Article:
Cooperative Spouses 

The spouse served notice will have a set amount of time in which to respond to the notice of a separation petition. If they agree to the separation and the proposed separation agreement, then:

  • Both spouses can sign the agreement
  • The agreement must be notarized 
  • The attorney can present the agreement to the court for approval 

If the spouse agrees to separation but disputes the terms of the agreement they can file a counter-petition. The couple can then seek mediation or the assistance of attorneys to refine the agreement to acceptable terms. Then they can sign, notarize, and submit the agreement for court approval. 

Uncooperative Spouses 

If the spouse served notice does not want to separate or the couple is unable to reach an agreement about separation terms, they will need to take their case before a court just as if they were divorcing. Both parties will likely need attorneys. 

Next Steps 

Once a separation agreement is worked out, it must be reviewed and approved by a judge. A copy of the final agreement will go on file with the county clerk’s office. Both spouses should obtain certified copies for their records.  

From there, each spouse can expect to do the practical work that comes with being separated. This may include:

  • Finding new living arrangements
  • Closing out shared bank accounts and setting up separate ones
  • Transferring titles and ownership of assets as dictated by the agreement 

At the same time, many couples will continue to collaborate on certain activities such as filing taxes together.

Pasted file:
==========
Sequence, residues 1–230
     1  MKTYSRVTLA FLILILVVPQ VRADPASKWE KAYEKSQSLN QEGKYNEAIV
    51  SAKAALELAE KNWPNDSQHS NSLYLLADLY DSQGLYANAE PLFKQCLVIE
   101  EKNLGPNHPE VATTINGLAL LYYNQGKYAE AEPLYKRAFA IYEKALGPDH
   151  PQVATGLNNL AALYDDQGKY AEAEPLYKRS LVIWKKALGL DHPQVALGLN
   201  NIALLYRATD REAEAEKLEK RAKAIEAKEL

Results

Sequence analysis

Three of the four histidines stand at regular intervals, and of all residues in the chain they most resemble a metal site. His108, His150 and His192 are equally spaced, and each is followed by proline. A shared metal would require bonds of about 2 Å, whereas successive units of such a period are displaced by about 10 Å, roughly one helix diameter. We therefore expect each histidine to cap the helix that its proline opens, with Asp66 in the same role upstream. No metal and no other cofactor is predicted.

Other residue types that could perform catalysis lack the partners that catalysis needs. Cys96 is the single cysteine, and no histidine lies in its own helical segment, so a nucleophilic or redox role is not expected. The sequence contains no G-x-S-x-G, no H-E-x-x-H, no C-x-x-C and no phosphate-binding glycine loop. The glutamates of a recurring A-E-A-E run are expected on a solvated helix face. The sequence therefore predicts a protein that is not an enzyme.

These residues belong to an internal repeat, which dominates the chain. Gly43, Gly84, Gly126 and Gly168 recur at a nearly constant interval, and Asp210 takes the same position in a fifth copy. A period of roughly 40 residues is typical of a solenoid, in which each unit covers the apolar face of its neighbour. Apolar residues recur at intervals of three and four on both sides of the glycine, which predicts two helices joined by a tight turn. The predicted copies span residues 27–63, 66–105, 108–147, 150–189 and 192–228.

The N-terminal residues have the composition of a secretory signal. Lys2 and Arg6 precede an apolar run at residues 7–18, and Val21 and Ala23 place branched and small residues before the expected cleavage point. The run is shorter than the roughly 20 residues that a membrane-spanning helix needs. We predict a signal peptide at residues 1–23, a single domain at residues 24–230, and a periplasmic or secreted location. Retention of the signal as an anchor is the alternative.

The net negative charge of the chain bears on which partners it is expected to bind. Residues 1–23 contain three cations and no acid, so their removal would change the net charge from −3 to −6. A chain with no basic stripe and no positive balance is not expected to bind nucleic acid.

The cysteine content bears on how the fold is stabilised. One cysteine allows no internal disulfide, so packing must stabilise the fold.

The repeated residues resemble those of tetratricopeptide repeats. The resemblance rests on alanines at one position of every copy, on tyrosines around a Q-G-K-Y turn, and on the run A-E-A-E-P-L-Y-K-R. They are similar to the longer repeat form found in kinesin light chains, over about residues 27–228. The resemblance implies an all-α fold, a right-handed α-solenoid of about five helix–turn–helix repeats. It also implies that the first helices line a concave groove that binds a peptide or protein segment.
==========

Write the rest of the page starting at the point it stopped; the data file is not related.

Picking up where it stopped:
Depending on their personal goals, couples may use their separation to pursue counseling, therapy, and other attempts to save their marriage. Alternatively, they may use the time to consider, save, and prepare for divorce. Some couples do neither and choose to remain legally married but separated indefinitely. 

Essentially the only thing couples can’t do during their separation is wed new partners.  

Changing Your Mind

Some couples try separation and eventually decide that they need to take things a step further and get a divorce. Perhaps the marriage wasn’t salvageable or maybe one or both partners meet new people and want to remarry. Whatever the case, legal separation agreements can be easily converted to divorce agreements with the help of a family attorney to handle the court filings.

Other couples may find that after a period of separation, therapy, and hard work, they want to return to being properly married. In that case, an attorney can assist them in filing a Motion to Vacate Order of Legal Separation. When the motion is approved by the court, the separation agreement and status will be annulled and full marital status restored. 

This flexibility gives couples the leeway they need to safely take their time in making final decisions about their relationships.

Learn More

Understanding the benefits of being legally separated as opposed to unhappily married or divorced can help you make the best choices for your family. Learn more about family law and keeping your family healthy and happy by browsing the Mama section of our blog today!